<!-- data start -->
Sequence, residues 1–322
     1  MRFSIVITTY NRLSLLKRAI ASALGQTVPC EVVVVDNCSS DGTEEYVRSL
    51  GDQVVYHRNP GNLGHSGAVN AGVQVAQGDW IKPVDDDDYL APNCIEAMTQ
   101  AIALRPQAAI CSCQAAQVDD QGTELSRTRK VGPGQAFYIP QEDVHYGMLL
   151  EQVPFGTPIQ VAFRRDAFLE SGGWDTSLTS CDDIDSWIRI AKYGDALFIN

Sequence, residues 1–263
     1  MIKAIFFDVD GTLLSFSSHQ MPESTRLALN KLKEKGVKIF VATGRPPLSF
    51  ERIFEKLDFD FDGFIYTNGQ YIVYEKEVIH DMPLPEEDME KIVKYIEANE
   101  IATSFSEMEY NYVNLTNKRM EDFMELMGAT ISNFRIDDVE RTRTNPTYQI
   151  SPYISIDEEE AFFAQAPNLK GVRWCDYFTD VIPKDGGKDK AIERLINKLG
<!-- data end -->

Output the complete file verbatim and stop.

Sequence, residues 1–322
     1  MRFSIVITTY NRLSLLKRAI ASALGQTVPC EVVVVDNCSS DGTEEYVRSL
    51  GDQVVYHRNP GNLGHSGAVN AGVQVAQGDW IKPVDDDDYL APNCIEAMTQ
   101  AIALRPQAAI CSCQAAQVDD QGTELSRTRK VGPGQAFYIP QEDVHYGMLL
   151  EQVPFGTPIQ VAFRRDAFLE SGGWDTSLTS CDDIDSWIRI AKYGDALFIN

Sequence, residues 1–263
     1  MIKAIFFDVD GTLLSFSSHQ MPESTRLALN KLKEKGVKIF VATGRPPLSF
    51  ERIFEKLDFD FDGFIYTNGQ YIVYEKEVIH DMPLPEEDME KIVKYIEANE
   101  IATSFSEMEY NYVNLTNKRM EDFMELMGAT ISNFRIDDVE RTRTNPTYQI
   151  SPYISIDEEE AFFAQAPNLK GVRWCDYFTD VIPKDGGKDK AIERLINKLG